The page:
I am designing a PCB for controlling servos.

My voltage regulator can provide 3 amps to the servos. My Arduino Uno also draws power from the same line. Using an online calculator, I was able to determine that I need 53 mil traces for power and ground lines coming directly from the regulator, and from devices powered by the regulator, respectively. Since the Arduino can draw at most about 500mA, I know that I don't need any special width for traces into and out of the Arduino's inputs and outputs.

The Arduino has its own voltage regulator, and a few ICs are powered by its 5V and 3.3V supplies.

Do I need 53 mil ground lines everywhere from these chips? Since the Arduino can't pump 3A, I can't imagine any one of these chips needing such a huge trace for ground lines.


1 Answer 1


If you have traces forking off the main trace, or separate traces running directly to the regulator then these only need to be wide enough to handle the 500mA for the Arduino.

You can think of the power distribution a bit like a river with tributaries. The main "river" needs to handle the total power for everything and the tributaries need to handle the power for whatever they lead to. Remember to think about the full loop (e.g power and ground traces) for everything.
If the Arduino was directly in line to the servos (i.e. the servos were downstream of the Arduino, so it goes Regulator->Arduino->Servos) then the traces would need to be rated to handle the Servo current too.

Usually it is best to keep the high current stuff on a separate trace, or nearer to the supply, as the more of the route they share with sensitive components the more they can interfere. With planes a similar logic applies, though positioning is more important as you have to assume the path of least impedance will be taken (not always the shortest path)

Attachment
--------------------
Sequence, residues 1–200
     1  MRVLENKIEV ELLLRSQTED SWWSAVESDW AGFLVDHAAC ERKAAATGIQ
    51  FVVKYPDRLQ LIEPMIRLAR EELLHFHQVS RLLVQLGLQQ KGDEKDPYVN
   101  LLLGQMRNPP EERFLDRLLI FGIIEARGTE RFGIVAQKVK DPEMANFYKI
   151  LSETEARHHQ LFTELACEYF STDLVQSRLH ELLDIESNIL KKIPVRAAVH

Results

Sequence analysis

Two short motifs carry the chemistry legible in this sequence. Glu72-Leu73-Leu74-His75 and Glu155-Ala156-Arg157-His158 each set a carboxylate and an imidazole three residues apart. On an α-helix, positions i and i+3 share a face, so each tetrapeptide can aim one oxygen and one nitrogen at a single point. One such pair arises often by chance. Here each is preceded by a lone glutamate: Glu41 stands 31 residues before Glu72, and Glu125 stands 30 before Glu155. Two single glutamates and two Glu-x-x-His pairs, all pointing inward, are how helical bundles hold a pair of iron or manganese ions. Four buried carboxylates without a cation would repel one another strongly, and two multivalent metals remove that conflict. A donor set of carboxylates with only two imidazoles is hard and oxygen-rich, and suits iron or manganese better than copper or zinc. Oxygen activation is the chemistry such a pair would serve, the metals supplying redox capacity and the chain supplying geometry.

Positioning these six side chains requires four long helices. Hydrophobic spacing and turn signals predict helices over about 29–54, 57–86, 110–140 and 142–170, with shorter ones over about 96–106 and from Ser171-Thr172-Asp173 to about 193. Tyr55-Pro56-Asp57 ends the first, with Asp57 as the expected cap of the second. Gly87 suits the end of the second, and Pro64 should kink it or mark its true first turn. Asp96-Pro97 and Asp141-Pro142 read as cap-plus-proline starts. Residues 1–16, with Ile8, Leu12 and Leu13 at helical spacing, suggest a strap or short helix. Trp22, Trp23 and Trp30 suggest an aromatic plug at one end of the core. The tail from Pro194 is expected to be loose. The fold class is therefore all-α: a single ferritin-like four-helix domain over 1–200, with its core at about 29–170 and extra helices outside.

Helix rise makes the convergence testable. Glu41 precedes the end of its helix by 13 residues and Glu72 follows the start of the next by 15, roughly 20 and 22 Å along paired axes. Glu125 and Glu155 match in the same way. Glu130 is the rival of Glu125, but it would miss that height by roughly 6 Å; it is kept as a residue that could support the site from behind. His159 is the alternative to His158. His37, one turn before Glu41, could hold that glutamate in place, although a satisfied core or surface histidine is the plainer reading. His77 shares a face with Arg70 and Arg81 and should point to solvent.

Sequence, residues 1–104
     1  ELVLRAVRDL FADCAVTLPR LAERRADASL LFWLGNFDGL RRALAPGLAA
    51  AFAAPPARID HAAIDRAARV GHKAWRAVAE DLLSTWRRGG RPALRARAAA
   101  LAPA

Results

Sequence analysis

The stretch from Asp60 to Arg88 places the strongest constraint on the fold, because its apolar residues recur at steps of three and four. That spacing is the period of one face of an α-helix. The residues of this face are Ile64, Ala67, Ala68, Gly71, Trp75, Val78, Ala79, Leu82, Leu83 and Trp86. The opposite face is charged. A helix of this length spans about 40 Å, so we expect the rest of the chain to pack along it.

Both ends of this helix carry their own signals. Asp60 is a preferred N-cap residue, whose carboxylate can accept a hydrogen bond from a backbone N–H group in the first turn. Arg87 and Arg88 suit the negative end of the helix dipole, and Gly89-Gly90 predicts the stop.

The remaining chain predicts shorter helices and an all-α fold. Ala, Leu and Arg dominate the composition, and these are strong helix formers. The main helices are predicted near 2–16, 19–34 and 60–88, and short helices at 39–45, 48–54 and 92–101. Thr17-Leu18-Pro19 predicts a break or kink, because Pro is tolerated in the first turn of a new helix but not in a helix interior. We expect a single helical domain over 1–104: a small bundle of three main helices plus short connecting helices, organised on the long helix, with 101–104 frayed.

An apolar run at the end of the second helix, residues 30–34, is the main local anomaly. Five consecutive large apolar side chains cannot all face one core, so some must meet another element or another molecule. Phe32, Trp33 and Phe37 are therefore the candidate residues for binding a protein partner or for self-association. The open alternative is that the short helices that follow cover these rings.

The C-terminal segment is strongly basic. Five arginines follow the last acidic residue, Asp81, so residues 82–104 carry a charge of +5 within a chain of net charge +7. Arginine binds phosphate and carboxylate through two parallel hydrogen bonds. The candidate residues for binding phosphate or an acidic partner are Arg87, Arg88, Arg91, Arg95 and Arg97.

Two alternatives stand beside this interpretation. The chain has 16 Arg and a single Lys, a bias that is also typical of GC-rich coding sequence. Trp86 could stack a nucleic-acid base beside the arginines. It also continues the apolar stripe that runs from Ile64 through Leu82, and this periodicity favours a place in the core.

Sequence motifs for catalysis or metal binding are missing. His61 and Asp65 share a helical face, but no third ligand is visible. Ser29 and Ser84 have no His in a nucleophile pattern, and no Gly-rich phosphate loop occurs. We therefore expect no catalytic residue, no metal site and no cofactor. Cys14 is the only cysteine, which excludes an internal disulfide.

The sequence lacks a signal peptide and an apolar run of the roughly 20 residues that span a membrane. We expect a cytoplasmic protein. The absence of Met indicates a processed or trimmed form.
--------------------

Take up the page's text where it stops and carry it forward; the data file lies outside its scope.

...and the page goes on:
Edit - As Kortuk mentions a plane is preferable if possible. A dedicated solid layer (i.e. no routing, or if some is necessary try and make it in the same direction to current flow so it does not have to "take the long way round") is best but a fill is certainly useful also.

  • 1
    \$\begingroup\$ I would just use a ground plane, but I agree if that is not an option. \$\endgroup\$
    – Kortuk
    Commented Sep 17, 2011 at 23:04
  • \$\begingroup\$ @Kortuk - I agree, have updated the answer with some more on planes. \$\endgroup\$
    – Oli Glaser
    Commented Sep 17, 2011 at 23:21
  • \$\begingroup\$ Very enlightening, thank you! Makes perfect sense. \$\endgroup\$ Commented Sep 18, 2011 at 0:38
  • \$\begingroup\$ Now I just need to figure out how to do different trace widths on the same net in Eagle... \$\endgroup\$ Commented Sep 18, 2011 at 0:50
  • \$\begingroup\$ One way to do different trace widths on the GND is to give it several net names (power_GND, signal_GND, etc.) and use the techniques from "How do I facilitate keeping multiple grounds, (i.e. AGND, DGND, etc…) separated in the layout when using Eagle?" -- but there's probably a simpler way. \$\endgroup\$
    – davidcary
    Commented Feb 2, 2012 at 20:02

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